Daily Archives: June 28, 2009

Potato Hash Browns

Potato hash browns is one of the Favourite things in breakfast For Maoris, local people of New Zealand. These people are Fond of potatoes and try to add them in their meals on daily basis. This is awesome, do try this and make your day …

Ingredients:

  • 4 cups peeled and shredded russet potatoes
  • 2 tablespoons cornstarch
  • ½ teaspoon salt
  • ¼ teaspoon fresh ground black pepper
  • ¼ teaspoon onion powder
  • ¼ teaspoon garlic powder

Procedure:

-Preheat oven to 200 degrees Celsius.

-In a large bowl, add shredded potatoes and cover with cold water – let stand for 5 to 10 minutes. Drain, rinse potatoes and then drain well again. Pat potatoes dry with paper towels or give them a whirl in a salad spinner.

-In a large bowl, toss together potatoes, cornstarch, salt, pepper, onion powder and garlic powder until well combined.

-Place a 3″ round biscuit cutter on baking sheet coated with non-stick spray. Scoop about ½ cup of the potato mixture into the biscuit cutter and lightly press down. Gently lift up the cutter, being careful to leave the potato patties intact. Repeat the procedure with remaining potato mixture. Coat tops of potato patties with olive oil cooking spray. Bake for 20 minutes – carefully turn them over and continue to bake until golden bowl, about 15 more minutes.

Outcome:

Tasty potato hash brownies are ready to be served with any sort of breakfast or in Veggie burger.

HashRounds

Tips:

-Baking will make your hash brownies crisper instead of Frying.

Servings:

This will serve 6 persons easily.

Fruit Of The Week PEAR

pears

The pear is an edible pomaceous fruit produced by a tree of genus Pyrus (pronounced /ˈpaɪrəs/).The pear is classified within Maloideae, a subfamily within Rosaceae. The apple (Malus ×domestica), which it resembles in floral structure, is also a member of this subfamily.

The English word pear is probably from Common West Germanic *pera, probably a loanword of Vulgar Latin pira, the plural of pirum, akin to Greek api(r)os, which is likely of Semitic origin. The place name Perry can indicate the historical presence of pear trees. The term “pyriform” is sometimes used to describe something which is “pear-shaped”.

History

The cultivation of the pear in cool temperate climates extends to the remotest antiquity. Many traces of it have been found in the Swiss lake-dwellings. The word “pear” or its equivalent occurs in all the Celtic languages, while in Slavonic and other dialects different appellations, but still referring to the same thing, are found—a diversity and multiplicity of nomenclature which led Alphonse de Candolle to infer a very ancient cultivation of the tree from the shores of the Caspian to those of the Atlantic.

Pears grow in the sublime orchard of Alcinous, in Odyssey vii: “Therein grow trees, tall and luxuriant, pears and pomegranates and apple-trees with their bright fruit, and sweet figs, and luxuriant olives. Of these the fruit perishes not nor fails in winter or in summer, but lasts throughout the year.”

The pear was cultivated also by the Romans, who did not eat them raw: Pliny’s Natural History recommended stewing them with honey and noted three dozen varieties. The Roman cookbook attributed to Apicius, De re coquinaria, has a recipe for a spiced stewed-pear patina, or soufflé.

A certain race of pears, with white down on the under surface of their leaves, is supposed to have originated from P. nivalis, and their fruit is chiefly used in France in the manufacture of perry (see also cider). Other small-fruited pears, distinguished by their early ripening and apple-like fruit, may be referred to P. cordata, a species found wild in western France, and in Devonshire and Cornwall. Pears have been cultivated in China for approximately 3000 years. The genus is thought to have originated in present-day western China in the foothills of the Tian Shan, a mountain range of Central Asia, and to have spread to the north and south along mountain chains, evolving into a diverse group of over 20 widely recognized primary species. The enormous number of varieties of the cultivated European pear (Pyrus communis subsp. communis), are without doubt derived from one or two wild subspecies (P. communis subsp. pyraster and P. communis subsp. caucasica), widely distributed throughout Europe, and sometimes forming part of the natural vegetation of the forests. In England, where an ancient pear tree gave its name to[citation needed] Pirio (Perry Barr, a district of Birmingham) in Domesday, the pear is sometimes considered wild; there is always the doubt that it may not really be so, but the produce of some seed of a cultivated tree deposited by birds or otherwise, which has germinated as a wild-form spine-bearing tree. Court accounts of Henry III of England record pears shipped from Rochelle and presented to the King by the Sheriffs of London. The French names of pears grown in English medieval gardens suggests that their reputation, at the least, was French; a favored variety in the accounts was named for Saint Rule or Regul’, bishop of Senlis.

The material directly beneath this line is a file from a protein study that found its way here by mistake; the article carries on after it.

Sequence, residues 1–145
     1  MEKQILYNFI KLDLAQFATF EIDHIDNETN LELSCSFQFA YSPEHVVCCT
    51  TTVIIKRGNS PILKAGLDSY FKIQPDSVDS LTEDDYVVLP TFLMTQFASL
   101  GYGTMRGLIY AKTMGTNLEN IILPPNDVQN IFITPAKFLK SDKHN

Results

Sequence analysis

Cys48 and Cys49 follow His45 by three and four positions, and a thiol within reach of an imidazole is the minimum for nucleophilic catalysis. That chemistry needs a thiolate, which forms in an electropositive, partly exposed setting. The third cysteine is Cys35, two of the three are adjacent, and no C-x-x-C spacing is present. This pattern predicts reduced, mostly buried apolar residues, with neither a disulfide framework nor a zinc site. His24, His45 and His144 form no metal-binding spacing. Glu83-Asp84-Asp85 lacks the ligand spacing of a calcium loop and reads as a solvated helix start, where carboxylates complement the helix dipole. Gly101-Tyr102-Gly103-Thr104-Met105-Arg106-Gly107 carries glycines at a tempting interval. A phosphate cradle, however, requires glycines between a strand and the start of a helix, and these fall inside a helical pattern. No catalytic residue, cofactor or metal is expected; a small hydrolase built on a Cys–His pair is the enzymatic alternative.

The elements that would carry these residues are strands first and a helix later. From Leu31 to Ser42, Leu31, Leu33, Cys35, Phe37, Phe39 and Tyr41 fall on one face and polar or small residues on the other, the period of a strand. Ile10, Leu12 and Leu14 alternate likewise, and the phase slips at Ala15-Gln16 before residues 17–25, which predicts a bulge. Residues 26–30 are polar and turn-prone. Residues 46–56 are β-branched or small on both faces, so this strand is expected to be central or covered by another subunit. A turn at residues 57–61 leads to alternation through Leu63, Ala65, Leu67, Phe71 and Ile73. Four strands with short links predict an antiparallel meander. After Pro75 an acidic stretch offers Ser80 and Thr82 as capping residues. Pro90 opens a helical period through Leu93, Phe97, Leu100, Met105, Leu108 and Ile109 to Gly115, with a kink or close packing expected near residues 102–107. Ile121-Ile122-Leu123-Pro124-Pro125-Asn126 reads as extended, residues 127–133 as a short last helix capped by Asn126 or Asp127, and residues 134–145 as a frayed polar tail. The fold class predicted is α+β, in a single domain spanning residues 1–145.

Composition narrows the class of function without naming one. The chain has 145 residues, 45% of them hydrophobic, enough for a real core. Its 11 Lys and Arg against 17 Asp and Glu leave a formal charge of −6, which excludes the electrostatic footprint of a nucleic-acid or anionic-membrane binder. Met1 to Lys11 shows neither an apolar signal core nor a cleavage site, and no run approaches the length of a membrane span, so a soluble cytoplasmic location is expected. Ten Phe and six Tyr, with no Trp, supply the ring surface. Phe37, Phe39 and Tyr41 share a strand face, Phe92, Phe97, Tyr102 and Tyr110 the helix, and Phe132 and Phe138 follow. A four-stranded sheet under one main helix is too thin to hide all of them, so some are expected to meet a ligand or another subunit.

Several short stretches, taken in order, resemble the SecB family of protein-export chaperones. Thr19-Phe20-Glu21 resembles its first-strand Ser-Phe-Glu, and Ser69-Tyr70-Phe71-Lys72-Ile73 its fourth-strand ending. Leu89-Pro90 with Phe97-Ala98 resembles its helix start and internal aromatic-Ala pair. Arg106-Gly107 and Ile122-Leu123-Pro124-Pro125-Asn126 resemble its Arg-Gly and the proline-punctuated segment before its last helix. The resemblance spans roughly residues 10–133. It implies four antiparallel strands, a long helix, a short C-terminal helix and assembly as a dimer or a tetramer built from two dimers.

Asian species with medium to large edible fruit include P. pyrifolia, P. ussuriensis, P. ×bretschneideri, P. ×sinkiangensis, and P. pashia. Other small-fruited species are frequently used as rootstocks for the cultivated species.

Botany

Pears are native to coastal and mildly temperate regions of the Old World, from western Europe and north Africa east right across Asia. They are medium sized trees, reaching 10–17 m tall, often with a tall, narrow crown; a few species are shrubby. The leaves are alternately arranged, simple, 2–12 cm long, glossy green on some species, densely silvery-hairy in some others; leaf shape varies from broad oval to narrow lanceolate. Most pears are deciduous, but one or two species in southeast Asia are evergreen. Most are cold-hardy, withstanding temperatures between −25 °C and −40 °C in winter, except for the evergreen species, which only tolerate temperatures down to about −15 °C. The flowers are white, rarely tinted yellow or pink, 2–4 cm diameter, and have five petals. Like that of the related apple, the pear fruit is a pome, in most wild species 1–4 cm diameter, but in some cultivated forms up to 18 cm long and 8 cm broad; the shape varies in most species from oblate or globose, to the classic pyriform ‘pear-shape’ of the European Pear with an elongated basal portion and a bulbous end.